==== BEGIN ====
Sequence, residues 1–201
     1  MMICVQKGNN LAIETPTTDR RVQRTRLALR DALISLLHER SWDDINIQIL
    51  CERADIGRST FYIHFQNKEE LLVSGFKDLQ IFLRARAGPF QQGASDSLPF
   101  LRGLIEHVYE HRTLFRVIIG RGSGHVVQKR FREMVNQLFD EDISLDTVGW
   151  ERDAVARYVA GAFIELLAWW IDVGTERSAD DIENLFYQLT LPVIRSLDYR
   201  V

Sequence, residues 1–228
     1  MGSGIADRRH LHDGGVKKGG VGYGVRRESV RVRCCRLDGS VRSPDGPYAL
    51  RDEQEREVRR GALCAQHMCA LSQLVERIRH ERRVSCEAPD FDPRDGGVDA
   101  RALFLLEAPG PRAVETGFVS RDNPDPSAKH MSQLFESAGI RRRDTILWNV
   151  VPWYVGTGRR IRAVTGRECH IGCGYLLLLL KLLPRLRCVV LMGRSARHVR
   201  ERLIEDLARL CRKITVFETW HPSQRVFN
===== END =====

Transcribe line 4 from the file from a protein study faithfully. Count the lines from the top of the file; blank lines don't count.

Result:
   101  LRGLIEHVYE HRTLFRVIIG RGSGHVVQKR FREMVNQLFD EDISLDTVGW